"What's causing the bulge is the pressure from your internal abdominal cavity, so whenever you strain or do certain positions you would see bulging through," Dr. Fahimeh Sasan, an obstetrician-gynecologist at Mount Sinai Hospital in New York, told ABC News of the common postpartum phenomenon.
During pregnancy, the growing uterus stretches out of the abdomen, which can cause the vertical bands of muscle that meet in the middle to separate from each other. For many women, this stretching in their post-pregnancy belly is actually a medical condition called diastatis recti, commonly referred to as abdominal separation.
Sasan said one possible way to prevent abdominal separation is "being active prior to becoming pregnant ... which we recommend for pregnancy anyway."
"Doing some sort of exercise, particularly core-strengthening exercises, before getting pregnant could be a good way to prevent this," Sasan added.
Fitness expert Leah Keller has developed her own technique, called the Dia Method, specifically to help new mothers afflicted with abdominal separation after giving birth.
Keller described diastatis recti as when "your six-pack muscles physically stretch sideways."
Keller told ABC News that a simple way to tell if you have diastasis recti is to lie flat on your back with your knees bent, then put your fingers right above your belly button and press down gently. Next, lift your head up about an inch while keeping your shoulders on the ground. If you have diastasis recti, you will be able to feel a gap between the muscles in your abs that is wider than an inch.
To develop the Dia Method, Keller teamed up with a doctor at Weill Cornell Medical College and observed 63 women with abdominal separation doing her workout routine for ten minutes a day over the course of 12 weeks. Keller says all of the women showed significant improvement in combating the post-pregnancy belly bulge. Despite her results, many experts say more research needs to be done, but agree that these exercises can give women a head start on losing stubborn belly fat.
Here are Keller's top exercises to help flatten the post-pregnancy mummy tummy:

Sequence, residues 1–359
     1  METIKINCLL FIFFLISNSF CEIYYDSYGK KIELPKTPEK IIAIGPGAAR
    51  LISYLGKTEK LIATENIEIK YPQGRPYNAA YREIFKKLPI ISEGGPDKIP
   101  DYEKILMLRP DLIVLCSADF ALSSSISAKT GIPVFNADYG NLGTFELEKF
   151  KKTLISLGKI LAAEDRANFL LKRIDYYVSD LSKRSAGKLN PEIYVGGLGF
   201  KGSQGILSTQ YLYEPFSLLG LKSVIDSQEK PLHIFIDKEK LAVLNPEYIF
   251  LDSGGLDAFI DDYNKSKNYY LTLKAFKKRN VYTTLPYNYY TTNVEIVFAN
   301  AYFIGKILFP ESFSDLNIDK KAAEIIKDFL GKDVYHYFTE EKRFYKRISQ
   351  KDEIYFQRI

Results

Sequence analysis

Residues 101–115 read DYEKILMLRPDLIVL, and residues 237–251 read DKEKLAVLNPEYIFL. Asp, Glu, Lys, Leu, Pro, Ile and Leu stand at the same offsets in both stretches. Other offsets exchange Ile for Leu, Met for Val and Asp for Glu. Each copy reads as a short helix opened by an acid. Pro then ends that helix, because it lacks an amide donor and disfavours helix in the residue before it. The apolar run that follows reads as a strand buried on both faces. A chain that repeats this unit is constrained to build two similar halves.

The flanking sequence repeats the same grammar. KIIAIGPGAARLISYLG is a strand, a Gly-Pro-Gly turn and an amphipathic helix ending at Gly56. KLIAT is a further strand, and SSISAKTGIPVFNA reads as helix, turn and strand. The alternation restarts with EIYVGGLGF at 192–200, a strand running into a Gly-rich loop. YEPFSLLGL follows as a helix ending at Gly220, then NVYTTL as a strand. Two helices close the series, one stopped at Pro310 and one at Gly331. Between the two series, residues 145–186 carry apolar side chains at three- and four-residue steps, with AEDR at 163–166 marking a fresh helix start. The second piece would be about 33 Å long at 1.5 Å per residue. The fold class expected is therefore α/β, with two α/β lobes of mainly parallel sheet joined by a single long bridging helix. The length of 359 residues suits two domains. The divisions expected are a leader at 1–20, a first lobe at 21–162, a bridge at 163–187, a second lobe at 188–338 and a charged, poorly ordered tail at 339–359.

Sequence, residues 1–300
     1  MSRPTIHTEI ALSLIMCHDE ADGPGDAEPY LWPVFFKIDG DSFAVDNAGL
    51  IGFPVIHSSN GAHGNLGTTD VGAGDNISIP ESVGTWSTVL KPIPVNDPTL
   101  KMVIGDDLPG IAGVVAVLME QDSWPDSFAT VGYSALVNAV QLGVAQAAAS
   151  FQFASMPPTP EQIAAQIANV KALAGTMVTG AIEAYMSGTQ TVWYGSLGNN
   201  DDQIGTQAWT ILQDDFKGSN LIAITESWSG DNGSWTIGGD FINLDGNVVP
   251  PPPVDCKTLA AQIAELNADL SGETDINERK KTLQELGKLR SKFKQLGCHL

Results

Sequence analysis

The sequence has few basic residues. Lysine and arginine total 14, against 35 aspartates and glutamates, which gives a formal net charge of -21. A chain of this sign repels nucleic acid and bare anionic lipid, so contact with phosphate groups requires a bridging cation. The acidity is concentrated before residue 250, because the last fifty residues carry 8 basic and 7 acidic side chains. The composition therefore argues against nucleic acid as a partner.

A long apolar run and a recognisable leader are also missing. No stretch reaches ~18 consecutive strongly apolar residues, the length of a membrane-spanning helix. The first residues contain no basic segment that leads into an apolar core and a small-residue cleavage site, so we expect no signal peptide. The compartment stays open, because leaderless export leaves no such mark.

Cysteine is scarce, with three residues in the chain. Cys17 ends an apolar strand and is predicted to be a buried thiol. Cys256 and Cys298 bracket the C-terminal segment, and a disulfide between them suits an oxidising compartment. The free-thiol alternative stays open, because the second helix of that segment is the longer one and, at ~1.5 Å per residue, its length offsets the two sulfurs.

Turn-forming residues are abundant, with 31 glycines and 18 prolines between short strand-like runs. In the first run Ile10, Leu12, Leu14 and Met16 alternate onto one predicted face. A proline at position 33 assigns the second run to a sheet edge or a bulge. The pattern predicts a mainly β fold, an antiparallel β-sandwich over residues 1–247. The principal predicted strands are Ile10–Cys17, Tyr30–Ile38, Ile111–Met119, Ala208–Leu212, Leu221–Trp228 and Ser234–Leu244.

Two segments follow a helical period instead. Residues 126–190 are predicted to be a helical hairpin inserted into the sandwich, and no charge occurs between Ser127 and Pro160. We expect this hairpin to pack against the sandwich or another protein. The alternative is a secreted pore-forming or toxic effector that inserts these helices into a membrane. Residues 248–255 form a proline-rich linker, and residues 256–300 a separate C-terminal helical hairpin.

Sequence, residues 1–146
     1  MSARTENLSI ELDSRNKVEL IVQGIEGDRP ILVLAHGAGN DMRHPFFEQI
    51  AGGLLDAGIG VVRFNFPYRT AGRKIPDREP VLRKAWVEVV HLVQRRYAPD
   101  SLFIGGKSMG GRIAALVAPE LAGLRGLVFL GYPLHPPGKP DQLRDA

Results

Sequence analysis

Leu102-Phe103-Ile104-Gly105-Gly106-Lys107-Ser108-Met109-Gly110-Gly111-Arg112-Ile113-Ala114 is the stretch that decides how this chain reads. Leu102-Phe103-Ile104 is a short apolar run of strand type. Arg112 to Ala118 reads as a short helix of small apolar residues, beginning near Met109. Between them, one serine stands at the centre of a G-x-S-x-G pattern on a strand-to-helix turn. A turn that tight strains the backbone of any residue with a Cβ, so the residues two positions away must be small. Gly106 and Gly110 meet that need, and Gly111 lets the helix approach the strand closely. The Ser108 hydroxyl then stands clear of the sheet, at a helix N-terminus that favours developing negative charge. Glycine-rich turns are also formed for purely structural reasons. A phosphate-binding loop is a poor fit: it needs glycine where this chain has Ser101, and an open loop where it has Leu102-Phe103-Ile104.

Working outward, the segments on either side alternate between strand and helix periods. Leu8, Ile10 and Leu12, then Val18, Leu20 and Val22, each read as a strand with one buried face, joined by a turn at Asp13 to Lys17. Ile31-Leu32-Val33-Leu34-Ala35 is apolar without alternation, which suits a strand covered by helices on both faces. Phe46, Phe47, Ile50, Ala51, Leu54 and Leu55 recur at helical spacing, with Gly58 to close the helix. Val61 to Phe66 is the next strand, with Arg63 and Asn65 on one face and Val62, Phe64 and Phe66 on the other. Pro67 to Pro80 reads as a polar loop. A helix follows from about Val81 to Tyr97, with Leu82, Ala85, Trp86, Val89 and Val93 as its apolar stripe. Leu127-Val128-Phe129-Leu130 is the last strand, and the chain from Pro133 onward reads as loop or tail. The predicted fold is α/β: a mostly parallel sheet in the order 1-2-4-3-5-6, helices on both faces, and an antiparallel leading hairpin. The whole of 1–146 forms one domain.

1. Waist cinchers
This move works the transverse abdominis, your natural corset, and the entire length of the rectus abdominis, or your six-pack muscles, according to Keller. Lie on your back with your knees bent and put one hand behind your head and the other rested right on top of your belly button. Slowly nod your head, neck, and upper body up, using your abdominal muscles, and then return to resting, and repeat.
2. Alternating leg lifts
This exercise works the lower abdominal muscles as well as the inner thigh muscles when performed with a turnout move. Keller describe it as "the alternative to the double leg lift," saying, the "double leg lift is just too much of a workload to ... manage with safe activation." To do this exercise lie on your back and bend one knee while having the other leg extended straight out in front of you. Slowly raise the straight leg off of the ground.
3. Modified cobra
This move gently lengthens the rectus abdominis muscles without separating the abs, according to Keller. Roll onto your stomach and come up onto your elbows. Let your hips anchor you into the floor and dig your elbows into the floor, then pull yourself forward and up slightly without opening your upper abs.
"It is a much smaller move than a full cobra, and it's a very conscious, very targeted, gentle lengthening of the abdominal muscles," Keller said of the modified cobra.